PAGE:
ISSN: 1391 - 0531
Sunday March 2, 2008
Vol. 42 - No 40

He said, ‘English will come back, it has to’

Remembering a "great" among English novelists in Sri Lanka

James Goonewardene

With the almost deafening blasts of accolades for the recently concluded Galle English Literary Festival, I am reminded that it is a decade since the passing away of that "great" among English novelists in Sri Lanka, James Goonewardene. In the mid 1960s when James Goonewardene's first novel, A Quiet Place was published by another bold and supportive pioneer, K.V.G. De Silva & Sons, English had been already thrown out with the bathwater in "literary Ceylon" (not yet Sri Lanka). As far as I remember only Punyakante Wijenaike had an edge on him with her first collection of published short stories.

But James’s was a full length, if idyllic novel and himself a truly flamboyant personality from the deep south, yet he had the courage to use the discarded language to write his book. James Goonawardene had many a "first" to his credit. With other stalwarts like Merle Williams, he kept the English Services of Radio Ceylon, buzzing; also the popular "External Services" channel, when even those were on the brink of being closed down. His adaptations of the English classics in dramatic episodes was a popular series, much looked forward to. Creative scripts by other writers re-creating the ancient to modern history of the island for broadcast on the External Services were admirably produced by Merle and James between 1965 and the 1970s.

He was the first Sri Lankan novelist to have a novel published by Penguin - India in 1990. His novels and short stories won wide acclaim. Those were not days when Awards were handed out for English writing nor was the "climate" conducive to conduct English Literary Festivals, even though the more far-sighted people of this country saw the need to attain literacy in this "universal language”.

My own long working association with James Goonewardene began with writing scripts and voicing them for several of his radio programmes. It was James who urged me to publish a "collection" of my short stories in 1984. The award winning "Mists on a Lake" was the result. He was a stickler for style and content in his own writings and a talented presenter for radio.

When several others left the country for fairer climes and greener pastures, some despairing that English would never make a dramatic come-back into the literary sphere, James would not even think of doing so. And as he was married to his charming Australian wife, Sonia, it would have been so easy for him to up and go. He was a passionate patriot. "I am a man from the South,” he would boast, "I use English to express myself, it was the language of my education, my favourite reading matter the English classics and moderns like Hemingway, Scott, Fitzgerald and Maugham, those greats of the early to mid 20th century. But I tell you,” he would add, "English will come back here. It has to. There is no way we can do without it." And that was in the arid desert-days for the language in the 'Bandaranaike era'.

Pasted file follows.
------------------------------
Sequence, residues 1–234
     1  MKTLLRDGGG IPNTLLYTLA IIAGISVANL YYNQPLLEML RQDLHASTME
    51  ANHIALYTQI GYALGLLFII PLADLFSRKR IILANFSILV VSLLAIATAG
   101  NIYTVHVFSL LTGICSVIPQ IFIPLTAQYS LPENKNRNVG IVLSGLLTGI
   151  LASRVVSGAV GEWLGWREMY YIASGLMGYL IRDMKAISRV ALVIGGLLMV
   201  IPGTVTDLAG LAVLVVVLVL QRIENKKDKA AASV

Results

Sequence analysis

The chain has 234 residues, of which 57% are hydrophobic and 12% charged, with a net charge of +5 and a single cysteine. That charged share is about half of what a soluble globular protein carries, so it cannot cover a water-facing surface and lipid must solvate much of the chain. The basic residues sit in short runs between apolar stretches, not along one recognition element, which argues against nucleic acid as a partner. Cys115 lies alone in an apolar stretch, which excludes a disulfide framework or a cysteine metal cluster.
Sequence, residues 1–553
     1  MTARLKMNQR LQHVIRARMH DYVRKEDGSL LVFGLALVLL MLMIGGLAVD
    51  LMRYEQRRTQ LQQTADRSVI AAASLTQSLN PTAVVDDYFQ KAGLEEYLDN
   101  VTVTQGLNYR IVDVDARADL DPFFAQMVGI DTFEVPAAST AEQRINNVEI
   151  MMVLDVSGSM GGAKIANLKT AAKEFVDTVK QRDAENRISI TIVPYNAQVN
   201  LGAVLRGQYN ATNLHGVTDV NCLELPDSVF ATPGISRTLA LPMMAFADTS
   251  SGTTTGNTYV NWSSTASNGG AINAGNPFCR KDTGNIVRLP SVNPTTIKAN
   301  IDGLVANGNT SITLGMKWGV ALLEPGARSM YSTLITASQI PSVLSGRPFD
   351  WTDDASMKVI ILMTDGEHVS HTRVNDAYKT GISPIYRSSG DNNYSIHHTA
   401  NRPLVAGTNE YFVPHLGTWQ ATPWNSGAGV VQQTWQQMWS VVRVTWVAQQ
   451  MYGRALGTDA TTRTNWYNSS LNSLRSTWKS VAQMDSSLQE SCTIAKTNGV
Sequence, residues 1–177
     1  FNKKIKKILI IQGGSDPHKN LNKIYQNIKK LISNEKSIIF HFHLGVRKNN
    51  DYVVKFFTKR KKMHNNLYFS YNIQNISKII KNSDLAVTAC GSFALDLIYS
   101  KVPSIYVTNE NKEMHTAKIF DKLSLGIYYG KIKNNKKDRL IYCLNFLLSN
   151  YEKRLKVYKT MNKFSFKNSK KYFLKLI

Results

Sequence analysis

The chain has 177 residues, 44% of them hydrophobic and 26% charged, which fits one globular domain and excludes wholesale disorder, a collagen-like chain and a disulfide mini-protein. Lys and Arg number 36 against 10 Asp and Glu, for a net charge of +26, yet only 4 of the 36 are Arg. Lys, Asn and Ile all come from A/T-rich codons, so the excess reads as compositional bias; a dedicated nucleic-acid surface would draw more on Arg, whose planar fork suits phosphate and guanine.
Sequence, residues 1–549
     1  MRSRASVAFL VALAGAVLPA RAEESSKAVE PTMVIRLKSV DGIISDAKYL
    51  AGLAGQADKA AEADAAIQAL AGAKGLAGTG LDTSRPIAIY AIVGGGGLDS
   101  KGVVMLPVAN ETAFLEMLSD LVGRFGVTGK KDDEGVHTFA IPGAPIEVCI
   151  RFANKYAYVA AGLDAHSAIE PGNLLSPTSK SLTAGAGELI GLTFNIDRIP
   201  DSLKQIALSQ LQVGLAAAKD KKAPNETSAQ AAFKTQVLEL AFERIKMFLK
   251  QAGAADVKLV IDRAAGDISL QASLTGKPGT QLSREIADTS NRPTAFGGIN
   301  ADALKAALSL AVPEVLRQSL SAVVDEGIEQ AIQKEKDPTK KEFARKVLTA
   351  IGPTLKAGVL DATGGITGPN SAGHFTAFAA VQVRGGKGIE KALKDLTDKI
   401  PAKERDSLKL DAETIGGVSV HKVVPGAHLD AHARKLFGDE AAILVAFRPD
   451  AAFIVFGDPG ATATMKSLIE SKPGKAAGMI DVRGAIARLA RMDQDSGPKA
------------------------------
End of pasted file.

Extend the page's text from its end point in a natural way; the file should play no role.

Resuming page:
Two very exclusive English Literary Festivals in Galle (a city strongly associated with the minority Dutch Burghers, the only people remaining in this land whose first language/mother tongue is English) is proof that James' prediction was true. How pleased and proud he would be to know that, except for one or two local literary luminaries, the majority whose names were put up in lights at Galle, among our locals, were all to whom English, as it was for James Goonewardene, is not their mother tongue.

I am reminded of what the wife of the Ambassador for Czechoslovakia told me in 1974. The way you Sri Lankan people nurture English is how the Polish people nurture Roman Catholicism!

The Roman Church in the 1980s elected a Polish Pontiff. There is nothing I thought to prevent one of our own English – literary – lights (after the Galle Festival) from carrying away the Nobel Prize for Literature or better (as it is awarded for an English-language novel) the Booker Prize. I mean a Sri Lankan who is not only born Sri Lanka but who had remained here through all the vicissitudes of our turbulent modern times. And none would be more pleased and proud than James Goonewardene, who may have been forgotten at Galle where only the living "greats" were feted but whose books are his lasting memorial. His several novels he chose to write in English - English that was so deplorably marginalized after 1956 so that here in our country it has become mostly the language only of the few elite privileged ones; a pity indeed as James Goonewardene believed. He wanted it made available to all, even the barman's children at his favourite (SSC) Club.

James Goonewardene, the writer, stood a head and shoulders taller than most others in this isle. He dreamed his dream but time inexorably caught up with him: he did not live to see it fulfilled. He deserves to be remembered but there is only space for the living in a country where blood and death even cast their shadows on the scintillating spectacle: the second English Literary Festival in Galle.

By Maureen Seneviratne

Top to the page  |  E-mail  |  views[1]

Reproduction of articles permitted when used without any alterations to contents and a link to the source page.
© Copyright 2008 | Wijeya Newspapers Ltd.Colombo. Sri Lanka. All Rights Reserved.